Clearly, social media is all the rage. It seems almost every economic development organization is diving into the deep end of the pool and is trying to utilize social media channels to tell their story.
The typical reasons I hear from economic development professionals to justify their use of social media include:
- My budget has been cut, and unlike traditional media social media is free.
- Everybody is using social media so it must work.
- If we don’t use social media, our community will be at a competitive disadvantage.
- I don’t know if it works or not, but I don’t want to miss out by ignoring social media.
In my opinion, none of the above reasons are sufficient to make a compelling case for an EDO to invest in a social media effort.
First, social media is not free. The care and feeding of a social media effort requires staff time. This time represents a real overhead cost (salary and benefits) to the Organization, and carries an opportunity cost (the staff time is not being invested against other priority work) that can be considered. In addition, there may be out-of-pocket costs.
Second, if social media doesn’t deliver a return on investment you lose nothing by deciding not to participate. In fact, you could argue that your community will have a relative advantage because your budget will be better invested than the competition. The argument that everybody is doing it so you should too doesn’t work when your children try using it as a justification to do something wrong or dangerous. Why should it make any more sense to justify a business investment?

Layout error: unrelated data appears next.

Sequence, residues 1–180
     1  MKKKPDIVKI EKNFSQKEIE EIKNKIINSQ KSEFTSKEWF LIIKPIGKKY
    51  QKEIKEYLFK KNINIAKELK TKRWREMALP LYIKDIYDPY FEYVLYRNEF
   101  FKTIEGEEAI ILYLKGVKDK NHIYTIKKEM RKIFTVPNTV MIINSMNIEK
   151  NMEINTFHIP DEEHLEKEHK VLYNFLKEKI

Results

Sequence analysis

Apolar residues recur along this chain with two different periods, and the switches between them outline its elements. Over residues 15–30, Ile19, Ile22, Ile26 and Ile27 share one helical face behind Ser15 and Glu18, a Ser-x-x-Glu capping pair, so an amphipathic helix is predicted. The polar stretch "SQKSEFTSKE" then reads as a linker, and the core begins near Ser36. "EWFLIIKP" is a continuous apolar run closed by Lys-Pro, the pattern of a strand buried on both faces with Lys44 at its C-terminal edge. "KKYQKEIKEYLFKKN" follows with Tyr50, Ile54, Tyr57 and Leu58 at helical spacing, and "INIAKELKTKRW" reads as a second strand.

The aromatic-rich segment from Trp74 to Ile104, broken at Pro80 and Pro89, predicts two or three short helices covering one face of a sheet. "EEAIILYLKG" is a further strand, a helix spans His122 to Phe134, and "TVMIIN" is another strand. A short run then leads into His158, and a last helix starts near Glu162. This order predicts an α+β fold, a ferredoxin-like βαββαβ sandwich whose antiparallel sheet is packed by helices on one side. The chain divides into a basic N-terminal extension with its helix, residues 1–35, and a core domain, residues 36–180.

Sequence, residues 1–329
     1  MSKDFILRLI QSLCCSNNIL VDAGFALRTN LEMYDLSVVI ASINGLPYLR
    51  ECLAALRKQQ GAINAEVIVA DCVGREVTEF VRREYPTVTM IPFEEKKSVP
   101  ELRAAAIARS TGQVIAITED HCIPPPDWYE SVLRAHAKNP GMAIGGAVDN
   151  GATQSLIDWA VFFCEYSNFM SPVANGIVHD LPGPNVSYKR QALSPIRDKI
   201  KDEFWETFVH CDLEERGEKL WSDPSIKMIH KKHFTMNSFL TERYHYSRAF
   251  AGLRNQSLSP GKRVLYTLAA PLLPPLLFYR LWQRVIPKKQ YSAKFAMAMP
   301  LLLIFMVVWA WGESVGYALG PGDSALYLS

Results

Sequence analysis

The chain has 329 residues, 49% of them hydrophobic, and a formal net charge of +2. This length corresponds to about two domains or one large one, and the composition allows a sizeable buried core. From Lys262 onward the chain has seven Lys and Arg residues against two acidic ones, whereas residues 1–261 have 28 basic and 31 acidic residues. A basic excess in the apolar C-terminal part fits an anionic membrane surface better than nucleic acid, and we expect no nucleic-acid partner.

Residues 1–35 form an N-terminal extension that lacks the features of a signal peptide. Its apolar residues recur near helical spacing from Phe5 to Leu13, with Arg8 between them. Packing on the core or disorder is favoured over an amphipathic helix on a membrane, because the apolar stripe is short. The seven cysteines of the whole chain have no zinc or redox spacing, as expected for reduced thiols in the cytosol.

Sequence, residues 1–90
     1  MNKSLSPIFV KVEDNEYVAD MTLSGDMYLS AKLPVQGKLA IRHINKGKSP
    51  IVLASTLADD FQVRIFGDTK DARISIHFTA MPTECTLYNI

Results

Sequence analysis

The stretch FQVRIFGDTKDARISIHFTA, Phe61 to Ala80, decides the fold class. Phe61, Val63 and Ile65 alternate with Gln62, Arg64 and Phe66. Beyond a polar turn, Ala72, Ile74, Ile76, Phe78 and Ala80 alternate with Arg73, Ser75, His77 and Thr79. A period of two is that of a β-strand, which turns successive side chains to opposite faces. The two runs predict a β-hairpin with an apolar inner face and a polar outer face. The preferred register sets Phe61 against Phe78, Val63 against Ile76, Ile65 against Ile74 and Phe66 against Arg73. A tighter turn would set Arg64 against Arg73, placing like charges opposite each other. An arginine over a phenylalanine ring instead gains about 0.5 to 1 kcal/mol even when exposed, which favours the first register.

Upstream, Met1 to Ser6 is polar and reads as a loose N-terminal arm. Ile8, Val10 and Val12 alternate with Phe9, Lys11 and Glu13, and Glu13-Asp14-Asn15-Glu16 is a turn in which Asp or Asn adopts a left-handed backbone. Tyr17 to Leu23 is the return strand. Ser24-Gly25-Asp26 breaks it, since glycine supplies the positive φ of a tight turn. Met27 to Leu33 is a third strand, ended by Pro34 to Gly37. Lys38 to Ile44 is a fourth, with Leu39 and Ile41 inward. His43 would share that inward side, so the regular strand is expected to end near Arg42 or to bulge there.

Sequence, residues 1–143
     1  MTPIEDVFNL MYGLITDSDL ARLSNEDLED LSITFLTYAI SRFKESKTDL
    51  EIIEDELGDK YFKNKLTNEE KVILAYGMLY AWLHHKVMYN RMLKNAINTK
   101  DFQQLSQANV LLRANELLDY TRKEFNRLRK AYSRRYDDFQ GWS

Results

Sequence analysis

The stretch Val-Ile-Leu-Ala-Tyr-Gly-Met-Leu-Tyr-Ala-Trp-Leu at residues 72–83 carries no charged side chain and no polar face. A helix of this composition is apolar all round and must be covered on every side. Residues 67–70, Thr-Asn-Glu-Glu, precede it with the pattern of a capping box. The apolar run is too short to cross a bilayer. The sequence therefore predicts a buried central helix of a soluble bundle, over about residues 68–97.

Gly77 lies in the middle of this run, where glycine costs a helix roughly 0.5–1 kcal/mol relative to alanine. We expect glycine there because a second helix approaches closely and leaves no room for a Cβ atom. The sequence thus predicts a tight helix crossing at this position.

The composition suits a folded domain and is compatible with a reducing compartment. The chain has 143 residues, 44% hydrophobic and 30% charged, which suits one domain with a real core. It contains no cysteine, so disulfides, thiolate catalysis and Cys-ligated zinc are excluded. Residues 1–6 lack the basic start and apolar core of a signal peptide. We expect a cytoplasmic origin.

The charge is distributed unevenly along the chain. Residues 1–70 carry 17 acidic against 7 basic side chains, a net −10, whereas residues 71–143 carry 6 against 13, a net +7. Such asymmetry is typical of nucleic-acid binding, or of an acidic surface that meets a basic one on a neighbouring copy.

My Counsel Before You Waste Your Money – Be Strategic
If you want to invest in a social media program, you should have a sound, compelling strategic rationale for doing so. If you can’t clearly articulate a strategic objective then don’t invest in the communication channel. For perspective, this is exactly the same counsel I would give for media choice you might consider.
By the way, there is nothing wrong with the strategy of learning about the role a communication channel might play in your overall media mix. But, in my mind this strategic rationale demands you approach the investment as a legitimate test with pre-determined measurements and pre-established learning objectives.
Is There a Role For Social Media in Economic Development?
Undoubtedly the answer is yes. But, to date I have only found examples of social media being effective in B2C communication rather than B2B. Please note this observation is for economic development and not intended to be generalized. I have seen social media used successfully in B2B in the area of e-commerce. But, e-commerce is not where I see EDO’s trying to leverage social media.
I’ve published my observations on strategies that make sense, as support for an EDO investing is a social media effort. In this post, I’d like to share another example that I found interesting.
Madeira Proud Case Study
Madeira, Ohio is a city in Hamilton County with a population of roughly 9,000 (4,000 households and 2,500 families). About 30% (2,700) of the population are under the age of 24.